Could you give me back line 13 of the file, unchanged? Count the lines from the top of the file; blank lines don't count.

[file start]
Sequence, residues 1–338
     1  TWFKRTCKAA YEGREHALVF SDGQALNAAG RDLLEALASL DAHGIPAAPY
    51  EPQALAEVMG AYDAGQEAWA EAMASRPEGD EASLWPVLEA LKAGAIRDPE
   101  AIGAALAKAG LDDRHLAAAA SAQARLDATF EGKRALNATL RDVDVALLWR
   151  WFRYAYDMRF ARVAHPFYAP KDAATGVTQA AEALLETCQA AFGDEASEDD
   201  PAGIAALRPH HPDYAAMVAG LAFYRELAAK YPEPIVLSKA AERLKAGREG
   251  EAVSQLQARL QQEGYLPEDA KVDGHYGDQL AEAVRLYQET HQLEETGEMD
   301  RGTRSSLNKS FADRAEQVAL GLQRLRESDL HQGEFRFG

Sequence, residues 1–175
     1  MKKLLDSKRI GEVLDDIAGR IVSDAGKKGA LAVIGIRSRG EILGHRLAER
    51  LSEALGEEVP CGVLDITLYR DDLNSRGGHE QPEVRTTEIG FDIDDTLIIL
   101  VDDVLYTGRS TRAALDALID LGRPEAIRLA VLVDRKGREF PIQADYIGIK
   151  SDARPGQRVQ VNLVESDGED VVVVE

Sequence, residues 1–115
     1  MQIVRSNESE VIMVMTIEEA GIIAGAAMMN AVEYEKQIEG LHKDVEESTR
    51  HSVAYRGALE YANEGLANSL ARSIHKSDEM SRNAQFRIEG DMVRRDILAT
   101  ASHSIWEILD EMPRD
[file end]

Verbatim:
   151  SDARPGQRVQ VNLVESDGED VVVVE